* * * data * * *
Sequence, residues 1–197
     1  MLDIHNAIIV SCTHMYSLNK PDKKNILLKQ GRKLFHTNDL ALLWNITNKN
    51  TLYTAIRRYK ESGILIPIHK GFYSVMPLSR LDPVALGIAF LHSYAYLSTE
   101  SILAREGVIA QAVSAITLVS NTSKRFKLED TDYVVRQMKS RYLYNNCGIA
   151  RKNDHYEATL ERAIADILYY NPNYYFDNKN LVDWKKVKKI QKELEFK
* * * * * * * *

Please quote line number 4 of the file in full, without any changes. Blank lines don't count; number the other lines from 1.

   101  SILAREGVIA QAVSAITLVS NTSKRFKLED TDYVVRQMKS RYLYNNCGIA